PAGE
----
The Canon 330 HS camera I’d picked up at a low, low sale price on the Wirecutter’s advice worked out better than I’d expected (see my Flickr set from CES to judge for yourself). I never even had to recharge the battery, and it was compact enough to leave in a jacket pocket full-time.

But after I couldn’t get the Canon’s WiFi linked to my phone–the upcoming 340 HS that I saw at CES should ease that by automating the pairing process with NFC wireless–I was stuck geotagging and uploading photos on a computer, same as ever.

That communication breakdown also cost me the chance to have the phone fix the incorrect date I’d set on the camera. Yes, I was the guy still writing “2013” on his photos, something I only noticed when I couldn’t find them at the end of my iPhoto library. Everybody point and laugh now… because I’m totally sure this mistake will have been engineered out of possibility by the time I pack for CES 2015.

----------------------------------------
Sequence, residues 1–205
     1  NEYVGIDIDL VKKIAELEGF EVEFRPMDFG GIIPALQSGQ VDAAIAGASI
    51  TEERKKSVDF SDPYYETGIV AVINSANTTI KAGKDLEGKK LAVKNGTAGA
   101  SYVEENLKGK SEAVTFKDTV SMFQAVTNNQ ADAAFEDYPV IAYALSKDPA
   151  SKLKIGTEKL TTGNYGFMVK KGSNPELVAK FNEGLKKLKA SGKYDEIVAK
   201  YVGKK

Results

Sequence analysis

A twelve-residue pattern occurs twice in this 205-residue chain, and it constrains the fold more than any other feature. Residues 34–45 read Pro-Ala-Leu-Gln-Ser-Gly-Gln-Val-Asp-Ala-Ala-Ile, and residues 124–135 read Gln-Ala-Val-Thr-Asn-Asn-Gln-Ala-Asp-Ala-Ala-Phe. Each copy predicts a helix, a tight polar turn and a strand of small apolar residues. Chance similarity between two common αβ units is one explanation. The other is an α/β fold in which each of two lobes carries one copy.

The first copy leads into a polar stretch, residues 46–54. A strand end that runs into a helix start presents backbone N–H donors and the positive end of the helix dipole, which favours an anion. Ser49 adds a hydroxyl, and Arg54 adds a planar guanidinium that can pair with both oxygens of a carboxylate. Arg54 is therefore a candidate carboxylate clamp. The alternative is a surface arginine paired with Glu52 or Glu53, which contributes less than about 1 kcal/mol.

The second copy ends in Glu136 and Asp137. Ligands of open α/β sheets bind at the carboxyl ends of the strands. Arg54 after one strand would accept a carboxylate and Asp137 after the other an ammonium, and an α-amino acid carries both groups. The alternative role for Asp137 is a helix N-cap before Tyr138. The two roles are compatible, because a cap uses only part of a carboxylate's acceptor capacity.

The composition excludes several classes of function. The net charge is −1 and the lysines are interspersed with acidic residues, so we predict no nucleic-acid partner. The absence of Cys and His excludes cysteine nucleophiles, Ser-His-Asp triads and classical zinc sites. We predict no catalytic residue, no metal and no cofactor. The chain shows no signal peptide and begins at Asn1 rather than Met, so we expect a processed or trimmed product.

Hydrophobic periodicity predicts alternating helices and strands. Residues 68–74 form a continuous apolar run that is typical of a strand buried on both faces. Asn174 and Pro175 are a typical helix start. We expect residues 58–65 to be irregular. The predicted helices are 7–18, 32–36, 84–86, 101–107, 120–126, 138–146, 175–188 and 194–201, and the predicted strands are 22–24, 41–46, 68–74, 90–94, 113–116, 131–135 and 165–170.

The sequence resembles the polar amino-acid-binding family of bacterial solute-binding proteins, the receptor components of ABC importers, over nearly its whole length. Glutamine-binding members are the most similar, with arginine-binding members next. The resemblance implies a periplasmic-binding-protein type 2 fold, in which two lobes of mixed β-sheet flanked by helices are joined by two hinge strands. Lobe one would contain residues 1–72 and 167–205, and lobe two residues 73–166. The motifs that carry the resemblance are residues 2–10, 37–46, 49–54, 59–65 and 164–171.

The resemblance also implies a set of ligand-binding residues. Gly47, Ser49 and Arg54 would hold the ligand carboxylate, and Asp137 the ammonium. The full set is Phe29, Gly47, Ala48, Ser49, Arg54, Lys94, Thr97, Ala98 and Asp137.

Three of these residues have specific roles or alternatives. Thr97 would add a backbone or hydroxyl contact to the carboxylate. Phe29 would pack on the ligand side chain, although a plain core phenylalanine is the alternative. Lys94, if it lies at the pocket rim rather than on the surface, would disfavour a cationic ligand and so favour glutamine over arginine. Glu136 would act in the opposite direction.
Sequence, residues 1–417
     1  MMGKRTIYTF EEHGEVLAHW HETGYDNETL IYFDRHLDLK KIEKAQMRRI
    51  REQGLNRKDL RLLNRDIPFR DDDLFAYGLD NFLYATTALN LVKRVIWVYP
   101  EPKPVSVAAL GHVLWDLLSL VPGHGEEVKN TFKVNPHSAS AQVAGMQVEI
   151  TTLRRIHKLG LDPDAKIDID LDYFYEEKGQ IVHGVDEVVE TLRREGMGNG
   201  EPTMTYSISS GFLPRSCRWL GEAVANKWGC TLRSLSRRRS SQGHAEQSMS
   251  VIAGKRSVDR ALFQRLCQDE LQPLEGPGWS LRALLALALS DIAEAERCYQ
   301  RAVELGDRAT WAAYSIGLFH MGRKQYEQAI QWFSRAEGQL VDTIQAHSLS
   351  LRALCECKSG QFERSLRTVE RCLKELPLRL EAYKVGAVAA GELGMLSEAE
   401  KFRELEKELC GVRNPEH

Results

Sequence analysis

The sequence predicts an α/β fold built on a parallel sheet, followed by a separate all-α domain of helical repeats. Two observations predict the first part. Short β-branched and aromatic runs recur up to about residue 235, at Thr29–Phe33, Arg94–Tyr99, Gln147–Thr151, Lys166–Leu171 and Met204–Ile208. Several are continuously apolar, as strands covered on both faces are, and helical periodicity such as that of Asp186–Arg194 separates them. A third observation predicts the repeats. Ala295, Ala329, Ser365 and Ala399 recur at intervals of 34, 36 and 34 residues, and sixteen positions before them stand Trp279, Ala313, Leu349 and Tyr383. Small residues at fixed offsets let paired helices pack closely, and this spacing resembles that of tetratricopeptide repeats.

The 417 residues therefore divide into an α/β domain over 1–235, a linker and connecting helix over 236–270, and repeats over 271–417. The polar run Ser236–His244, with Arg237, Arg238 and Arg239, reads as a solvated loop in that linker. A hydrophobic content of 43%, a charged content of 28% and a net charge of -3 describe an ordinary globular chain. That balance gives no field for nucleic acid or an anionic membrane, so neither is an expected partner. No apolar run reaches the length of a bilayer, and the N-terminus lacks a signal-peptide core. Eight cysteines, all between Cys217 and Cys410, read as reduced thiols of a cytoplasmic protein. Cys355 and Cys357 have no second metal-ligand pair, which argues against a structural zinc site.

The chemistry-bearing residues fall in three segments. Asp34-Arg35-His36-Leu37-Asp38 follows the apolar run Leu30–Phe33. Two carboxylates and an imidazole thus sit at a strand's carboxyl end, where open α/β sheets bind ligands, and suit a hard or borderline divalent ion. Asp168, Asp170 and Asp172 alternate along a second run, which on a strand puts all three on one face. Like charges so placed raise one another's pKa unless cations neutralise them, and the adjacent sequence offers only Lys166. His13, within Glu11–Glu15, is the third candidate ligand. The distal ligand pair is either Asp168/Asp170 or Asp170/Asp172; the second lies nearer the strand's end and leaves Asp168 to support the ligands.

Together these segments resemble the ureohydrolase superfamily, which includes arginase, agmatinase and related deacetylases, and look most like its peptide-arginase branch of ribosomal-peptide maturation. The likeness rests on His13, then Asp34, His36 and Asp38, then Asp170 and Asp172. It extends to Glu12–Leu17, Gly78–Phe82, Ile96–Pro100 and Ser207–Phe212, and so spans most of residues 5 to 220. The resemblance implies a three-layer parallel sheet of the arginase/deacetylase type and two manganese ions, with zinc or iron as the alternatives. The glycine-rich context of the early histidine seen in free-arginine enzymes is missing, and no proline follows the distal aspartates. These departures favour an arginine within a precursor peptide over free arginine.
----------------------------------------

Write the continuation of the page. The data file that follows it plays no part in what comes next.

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Weekly output: online banking

A week split in half by a national holiday means I don’t have much to show for my work this time around. Don’t expect much over the coming week either–although I will be working on stories you’ll see later.

USAT online-banking column12/29/2013: Tip: How to bank safely online at home, USA Today

A reader asked one of those questions that seemed simple but unfolded to reveal enough other wrinkles to make for an interesting column to write. This post also gave me a chance to scold the big banks for not embracing two-step verification.